-Jake Englander

Wednesday, November 5, 2008

What's your Obama-won-face?

Due to technical difficulties of feeling cut off from the world because of no election news coverage, the Pomp election watch was shortly canceled and we made our way down to another LES hang out, preferably one with drink specials and television screens; all the while staying close to the Williamsburg bridge so that the trip to BK would be quick and painless no matter who the victor. Our group consisted of Pomp editors, photographers, writers and illustrators, armed with red and blue glowsticks and huge Obama pins, we made our way through the strangely quiet streets. In bars, people were glued to television screens in a rapt alcoholic daze.

Inside Iggy's (great jukebox, $2 pbr and $3 red white and blue shots) with it's multitude of news channels and it's guardedly optimistic patrons we were able to rejoin the rest of the world in waiting with baited breath. Yes Obama's lead was pretty extensive but the talk of the town was "dirty tricks". The general murmur was of great enthusiasm - and as the night wore on and the red white and blue shots were imbibed aplenty - growing wariness.

In the middle of talking to a friend, a cheer went up. We turned towards the TV to see CNN declaring Obama president-elect. Everyone started screaming until someone shouted "Wait! Isn't it too soon to tell?" People immediately stopped cheering and started drinking like mad. Like I said already, guarded optimism.

Finally the news reached our paranoid minds! Whoops and shouts, people laughing hysterically, me and my roommate jump up and down and hold on to each other. Everyone else hugging, talking rapidly and smiling hugely. We find noisemakers and start blowing like Lewinsky. Strangers hugging, kissing and high-fiving as if there is absolutely nothing separating them (because at that moment nothing is). Like New Years but better, all that hope and expectation distilled into a balmy November night.

The rest of the evening was an ecstatic haze of taking pictures of Obama-won-faces, celebrating loudly and reveling in the noise. The LES was a parade of insane elation. The city felt like a community again.

- Kastoory

PostScript: Obama's speech was also a high point of the night as all the noisemakers and revelers silenced to hear him speak. It just further cemented his place in history. How many presidential acceptance speeches are that humble? And give we-the-people so much credit? I don't know, but seeing Oprah as just one of millions in a crowd thawed my cold dead heart even further, it might even start beating again.

Sunday, November 2, 2008


As a struggling young film director the dire economy and upcoming election make me feel like my future is frightening. I went to see “W.” to get inside the head of a man who has been a joke of a president these last two terms.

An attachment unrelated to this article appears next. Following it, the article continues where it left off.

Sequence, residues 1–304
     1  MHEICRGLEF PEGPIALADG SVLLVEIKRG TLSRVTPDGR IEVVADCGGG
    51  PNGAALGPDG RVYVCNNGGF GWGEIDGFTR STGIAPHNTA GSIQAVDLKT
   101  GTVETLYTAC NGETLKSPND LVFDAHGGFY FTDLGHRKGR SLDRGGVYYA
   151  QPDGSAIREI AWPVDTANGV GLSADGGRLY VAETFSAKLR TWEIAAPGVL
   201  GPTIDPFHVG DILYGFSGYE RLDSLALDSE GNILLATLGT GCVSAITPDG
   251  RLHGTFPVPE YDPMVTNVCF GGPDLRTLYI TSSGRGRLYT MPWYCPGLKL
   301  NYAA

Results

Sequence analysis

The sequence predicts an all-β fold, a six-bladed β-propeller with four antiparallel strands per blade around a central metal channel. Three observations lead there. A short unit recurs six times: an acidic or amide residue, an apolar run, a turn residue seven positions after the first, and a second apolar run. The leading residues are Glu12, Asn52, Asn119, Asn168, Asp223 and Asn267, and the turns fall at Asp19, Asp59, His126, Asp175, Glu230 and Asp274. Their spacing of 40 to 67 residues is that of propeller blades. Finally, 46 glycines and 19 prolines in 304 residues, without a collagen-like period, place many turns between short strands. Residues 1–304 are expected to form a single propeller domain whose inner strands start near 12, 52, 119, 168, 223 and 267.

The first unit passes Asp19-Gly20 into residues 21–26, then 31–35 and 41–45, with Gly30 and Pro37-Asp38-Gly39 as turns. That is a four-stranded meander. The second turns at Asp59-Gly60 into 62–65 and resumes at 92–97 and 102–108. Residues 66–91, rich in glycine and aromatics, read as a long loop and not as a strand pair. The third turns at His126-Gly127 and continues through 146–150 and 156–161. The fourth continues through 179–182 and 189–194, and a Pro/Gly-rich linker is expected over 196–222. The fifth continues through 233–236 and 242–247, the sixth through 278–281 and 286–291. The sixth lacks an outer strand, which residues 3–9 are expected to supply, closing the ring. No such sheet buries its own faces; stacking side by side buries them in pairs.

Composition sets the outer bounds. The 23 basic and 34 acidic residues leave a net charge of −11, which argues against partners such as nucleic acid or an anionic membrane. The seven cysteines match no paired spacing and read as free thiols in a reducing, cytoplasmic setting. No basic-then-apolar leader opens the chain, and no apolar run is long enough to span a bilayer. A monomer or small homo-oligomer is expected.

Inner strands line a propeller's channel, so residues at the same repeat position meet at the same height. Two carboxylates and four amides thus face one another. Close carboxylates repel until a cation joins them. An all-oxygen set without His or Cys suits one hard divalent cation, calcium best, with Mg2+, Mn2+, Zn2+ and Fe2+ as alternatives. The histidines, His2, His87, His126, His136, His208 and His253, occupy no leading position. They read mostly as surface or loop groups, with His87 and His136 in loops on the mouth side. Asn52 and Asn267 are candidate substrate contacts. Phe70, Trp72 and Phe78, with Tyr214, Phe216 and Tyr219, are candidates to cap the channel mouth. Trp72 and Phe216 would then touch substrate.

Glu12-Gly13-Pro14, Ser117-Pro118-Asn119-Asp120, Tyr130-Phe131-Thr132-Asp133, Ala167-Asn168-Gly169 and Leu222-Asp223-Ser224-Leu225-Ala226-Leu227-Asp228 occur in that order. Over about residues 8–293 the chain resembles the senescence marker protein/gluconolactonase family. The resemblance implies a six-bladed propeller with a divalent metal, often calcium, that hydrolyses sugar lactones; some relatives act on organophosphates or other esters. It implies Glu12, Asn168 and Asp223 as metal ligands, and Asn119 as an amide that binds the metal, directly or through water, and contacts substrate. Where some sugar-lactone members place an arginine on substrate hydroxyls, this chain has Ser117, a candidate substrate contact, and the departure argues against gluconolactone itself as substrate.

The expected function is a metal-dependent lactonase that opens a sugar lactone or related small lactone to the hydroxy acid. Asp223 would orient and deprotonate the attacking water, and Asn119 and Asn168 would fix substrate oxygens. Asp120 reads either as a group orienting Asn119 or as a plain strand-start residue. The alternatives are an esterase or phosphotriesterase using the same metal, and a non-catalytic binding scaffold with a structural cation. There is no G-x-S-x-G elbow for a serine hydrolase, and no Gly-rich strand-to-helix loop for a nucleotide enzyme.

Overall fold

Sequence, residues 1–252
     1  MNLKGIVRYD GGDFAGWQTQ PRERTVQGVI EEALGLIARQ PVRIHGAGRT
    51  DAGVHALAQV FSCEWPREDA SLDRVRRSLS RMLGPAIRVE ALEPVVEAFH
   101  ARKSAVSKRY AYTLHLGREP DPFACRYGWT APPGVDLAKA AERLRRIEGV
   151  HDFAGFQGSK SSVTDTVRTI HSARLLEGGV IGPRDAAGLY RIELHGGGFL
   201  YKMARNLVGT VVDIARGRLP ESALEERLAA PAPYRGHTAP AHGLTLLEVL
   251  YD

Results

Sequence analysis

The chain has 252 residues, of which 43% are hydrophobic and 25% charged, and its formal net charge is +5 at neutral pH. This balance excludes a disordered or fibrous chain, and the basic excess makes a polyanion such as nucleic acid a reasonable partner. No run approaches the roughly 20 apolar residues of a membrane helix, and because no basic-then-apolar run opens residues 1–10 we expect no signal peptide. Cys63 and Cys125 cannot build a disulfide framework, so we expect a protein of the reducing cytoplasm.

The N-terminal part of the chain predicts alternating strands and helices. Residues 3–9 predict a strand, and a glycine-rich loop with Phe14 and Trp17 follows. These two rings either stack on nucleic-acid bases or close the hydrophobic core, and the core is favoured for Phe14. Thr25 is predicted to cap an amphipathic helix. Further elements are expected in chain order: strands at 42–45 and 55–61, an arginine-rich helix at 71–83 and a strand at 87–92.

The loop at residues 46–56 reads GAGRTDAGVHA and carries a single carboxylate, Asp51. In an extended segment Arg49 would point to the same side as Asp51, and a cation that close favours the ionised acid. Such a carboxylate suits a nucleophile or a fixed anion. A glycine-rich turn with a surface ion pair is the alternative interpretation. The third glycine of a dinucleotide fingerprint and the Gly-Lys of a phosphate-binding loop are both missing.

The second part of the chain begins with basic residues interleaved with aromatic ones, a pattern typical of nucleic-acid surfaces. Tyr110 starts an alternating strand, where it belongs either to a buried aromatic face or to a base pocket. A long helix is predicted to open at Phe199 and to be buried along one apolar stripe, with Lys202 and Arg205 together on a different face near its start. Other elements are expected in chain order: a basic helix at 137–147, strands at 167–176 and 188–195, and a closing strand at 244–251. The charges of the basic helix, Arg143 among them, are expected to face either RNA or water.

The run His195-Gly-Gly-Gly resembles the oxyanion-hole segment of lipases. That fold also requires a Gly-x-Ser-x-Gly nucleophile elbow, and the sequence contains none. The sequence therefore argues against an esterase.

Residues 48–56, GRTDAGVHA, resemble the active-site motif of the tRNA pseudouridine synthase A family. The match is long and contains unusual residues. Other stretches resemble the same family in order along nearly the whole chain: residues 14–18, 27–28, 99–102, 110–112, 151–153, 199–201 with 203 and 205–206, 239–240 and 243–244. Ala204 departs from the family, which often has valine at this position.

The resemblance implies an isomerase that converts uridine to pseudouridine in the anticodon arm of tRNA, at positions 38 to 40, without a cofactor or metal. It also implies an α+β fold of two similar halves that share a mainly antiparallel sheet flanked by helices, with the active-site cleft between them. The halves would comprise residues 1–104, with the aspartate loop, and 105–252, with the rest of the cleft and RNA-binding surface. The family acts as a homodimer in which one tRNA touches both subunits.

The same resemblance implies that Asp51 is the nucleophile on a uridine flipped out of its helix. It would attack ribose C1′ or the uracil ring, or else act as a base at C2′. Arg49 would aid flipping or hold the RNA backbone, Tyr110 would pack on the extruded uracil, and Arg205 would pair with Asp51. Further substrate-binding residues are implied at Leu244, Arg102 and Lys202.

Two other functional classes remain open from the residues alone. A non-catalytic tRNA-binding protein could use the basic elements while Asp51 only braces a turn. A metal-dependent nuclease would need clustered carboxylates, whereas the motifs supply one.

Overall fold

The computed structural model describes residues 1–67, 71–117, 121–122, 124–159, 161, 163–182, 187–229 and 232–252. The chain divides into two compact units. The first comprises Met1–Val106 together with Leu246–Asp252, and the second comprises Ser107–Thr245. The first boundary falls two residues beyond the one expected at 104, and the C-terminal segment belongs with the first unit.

I was disappointed with the lack of coverage of the 2000 election in the film. This is Bush’s biggest moment, from abortions and drunken tirades to the White House. Why don’t we see this major turning point for his character?

The large cast of principal characters (mainly Bush’s cabinet) managed to grow and have transitions as people, with the exceptions of Condoleezza Rice and Donald Rumsfeld. Rice served purely as comic relief, Rummy voiceless until his sudden infuriated resignation.

Screenwriter Stanley Weiser perfectly depicted a man who has faced a huge amount of ridicule in a very human way. The Bush we watch is not simply dumb, dyslexic, or even unkind, but full of conviction, naiveté, and a soft heart (besides the killing soldiers and torture thing). Though he is in scenes laughable, eating habits and dialectics aside, this seems part of his nature, nothing purposefully malicious. We don’t get mad at rap stars for never shedding their hood slang. Josh Brolin pulls off Bush by taking his subject’s political strategy "I'm just a normal guy", in his portrayal of the character. I felt compassion for this charmingly pitiful man. The film's commentary on George's presidency, and the overall premise, is that blind conviction leads to botched success.

Though the film’s premise is strong, I wanted resolution to my protagonist’s inner conflict, not a political statement in the end.

-Fury Young

You Have To Peep This

With election day looming, I'm beginning to wonder if I should cop a gun for the crib. Not to be a crunchy hippie and all, but at a time like this, we seriously need something, ANYTHING, to break this tension and crack a smile.

I grabbed this video from (cuz its sweet) and it seems safe to assume this was originally aired on CNN (derf).

I'm not sure where these kids are from or who wrote these genius lyrics, but i think its safe to say T.I. would be proud... and Obama.... and even maybe McCain. Besides, these kids have some fucken bad ass moves.

-Amanda S.